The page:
Build a relationship with your local pharmacist and understand how they can support you

  • Pharmacists are a great source of information and provide support not just on your medication but on both long-term conditions (e.g., asthma) and also many common presentations. The full range of support is covered under Pharmacy.
  • Pharmacist can advise you when you should see a doctor or whether they can help.

Nominate a regular chemist for your medication to go to

  • Allows you to collect your medication from one source.

Allow them time between you ordering medication and you collecting medication from the chemist

  • The practice has to process your prescription order and transfer the request to the pharmacist.
  • The pharmacist has to ensure the medication is available and on occasions order it in.
  • Allow 5 working days from ordering your medication, though your pharmacist may be quicker than this.
  • Alternatively consider Electronic Repeat Dispensing of your medication (explained in the section above) which can be more efficient.

Many patients value their relationship with their local pharmacist as much as that with their practice.

Under the section “organisation medication issues frequently asked questions” in Prescription and Medicine Management this topic is covered in detail, a brief explanation is provided below


  • If the medication is required immediately (urgently) the hospital doctor will complete a prescription to enable you to get the medication immediately.
  • If the medication is not urgent, then the hospital doctor will send a letter to both you and your GP detailing the medication (including the rationale for the medication). Note the letter can take up to 3-4 weeks for you and your GP to receive.
  • The hospital doctor in either case will fully explain the medication to you.

Inpatient, day case or A&E attendance
The hospital will prescribe 14 days medication (if required) after an inpatient stay and up to 7 days medication (if required) if you have attended A&E.

Choice of medication
A hospital doctor cannot prescribe any drug, they like GPs are guided by local agreed guidelines. This is covered in the link in detail including access to the local prescribing guideline.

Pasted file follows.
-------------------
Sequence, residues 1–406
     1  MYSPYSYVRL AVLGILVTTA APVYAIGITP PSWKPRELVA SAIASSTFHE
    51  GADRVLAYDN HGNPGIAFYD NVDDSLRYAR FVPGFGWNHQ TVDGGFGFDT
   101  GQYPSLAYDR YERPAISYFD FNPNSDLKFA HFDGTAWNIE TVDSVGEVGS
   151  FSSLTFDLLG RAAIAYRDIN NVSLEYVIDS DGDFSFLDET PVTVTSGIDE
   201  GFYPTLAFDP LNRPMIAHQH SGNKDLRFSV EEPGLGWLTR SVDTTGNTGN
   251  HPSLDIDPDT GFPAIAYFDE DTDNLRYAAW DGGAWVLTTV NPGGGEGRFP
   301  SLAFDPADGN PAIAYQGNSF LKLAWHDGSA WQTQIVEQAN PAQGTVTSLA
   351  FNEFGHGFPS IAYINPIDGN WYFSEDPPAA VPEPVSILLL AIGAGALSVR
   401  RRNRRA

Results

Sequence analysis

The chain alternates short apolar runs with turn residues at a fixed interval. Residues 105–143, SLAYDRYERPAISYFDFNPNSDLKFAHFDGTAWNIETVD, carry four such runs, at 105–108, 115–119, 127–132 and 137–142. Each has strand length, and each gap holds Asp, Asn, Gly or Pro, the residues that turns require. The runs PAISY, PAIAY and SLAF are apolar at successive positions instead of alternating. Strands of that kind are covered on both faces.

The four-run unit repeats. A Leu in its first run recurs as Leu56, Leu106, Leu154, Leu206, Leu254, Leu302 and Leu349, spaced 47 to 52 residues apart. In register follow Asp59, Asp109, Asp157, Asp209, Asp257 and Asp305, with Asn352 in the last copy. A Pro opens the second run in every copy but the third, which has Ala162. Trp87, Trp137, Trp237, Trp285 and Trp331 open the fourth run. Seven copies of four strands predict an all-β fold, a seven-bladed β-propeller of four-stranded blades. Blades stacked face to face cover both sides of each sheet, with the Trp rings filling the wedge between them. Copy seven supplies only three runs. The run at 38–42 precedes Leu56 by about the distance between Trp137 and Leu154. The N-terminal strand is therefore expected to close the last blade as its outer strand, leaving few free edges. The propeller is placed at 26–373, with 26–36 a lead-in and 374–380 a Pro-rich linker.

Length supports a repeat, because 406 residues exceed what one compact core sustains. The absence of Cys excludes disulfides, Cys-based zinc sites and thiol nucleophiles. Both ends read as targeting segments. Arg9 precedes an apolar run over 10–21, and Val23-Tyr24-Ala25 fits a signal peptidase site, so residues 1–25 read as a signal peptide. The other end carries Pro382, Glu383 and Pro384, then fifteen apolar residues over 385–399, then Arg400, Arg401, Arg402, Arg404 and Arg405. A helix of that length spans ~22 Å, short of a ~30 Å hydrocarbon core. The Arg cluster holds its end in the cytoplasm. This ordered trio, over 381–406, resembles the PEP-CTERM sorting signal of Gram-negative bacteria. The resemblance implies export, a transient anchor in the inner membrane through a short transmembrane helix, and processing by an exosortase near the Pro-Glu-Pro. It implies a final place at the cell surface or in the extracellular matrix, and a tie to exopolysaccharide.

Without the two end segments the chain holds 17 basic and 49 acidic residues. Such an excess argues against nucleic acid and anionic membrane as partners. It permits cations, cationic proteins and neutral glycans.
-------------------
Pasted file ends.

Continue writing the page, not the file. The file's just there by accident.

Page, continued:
This topic is considered in detail in Principles and support private medical care under the two frequently asked questions “Can you have some of your private care covered on the NHS” covering the short term and the long term.  A brief explanation is provided below.

Short term

Once referred to a private consultant the whole episode of treatment should be provided by the private provider, meaning that NHS and Private care should not be mixed together, so that

For private outpatients it is completely the private providers responsibility to

  • Prescribe short term medication privately for any single episode of care (e.g., antibiotics)

For private inpatients, it is completely the private providers responsibility to

  • Provide medication privately for any short-term medication which is part of the package of care (e.g., for a hip replacement any immediate medication required as a result of the operation such as low molecular weight heparin, pain relief or antibiotics following the operation)

Long term

If a private consultation identifies a long-term condition or a need for long term medication which is available as a routine long- term NHS treatment this should be provided by the patient’s usual GP.


  • This medication should be prescribed in line with local guidelines
  • The GP must be in receipt of a letter from the private consultant explaining the rationale for the medication as part of the treatment of a long-term condition and the patient should have been briefed on the medication in full. A verbal request or private prescription will not suffice.

For more detail including information on local medication guidance see the link above.


Under the frequently asked questions in Holiday and Travel Health there are detailed answers covering this topic. This includes information on

  • Over the counter medication which your pharmacist can supply you for your holiday (including a first aid kit)
  • Medication which needs to be prescribed privately
  • How long your GP will prescribe your medication if you are going away for a long period.

Problems often occur out of hours and NHS choices explain what you can do

From NHS choices
Where can I get an emergency supply of medicine? Where can I get an emergency supply of medicine? – NHS

NHS choices explains how you can find an open pharmacist but alternatively you can also use the map found under “Contact Us” and then search under “Nearby” using the phrase “Chemist open near me”. Directions to each chemist are provided with a contact number which is worth phoning to check they are available.

GP practices may charge for any private letter you ask for (explained under Non-nHS private services) however, in many cases a letter is unnecessary because

If you do need a letter plan ahead to arrange this as such a request will not be considered urgent.

Some simple steps to avoid medication waste

NHS England give an estimate of around £300 million of medication is wasted every year NHS England » Pharmaceutical waste reduction in the NHS

As Medicine Waste suggest
“Wasted medicine is everyone’s responsibility and there are small changes you can make to help reduce the amount of medicine being wasted.” Medicine Waste UK

Medicine Waste suggest some simple steps that can make a real difference
How can you help Medicine Waste UK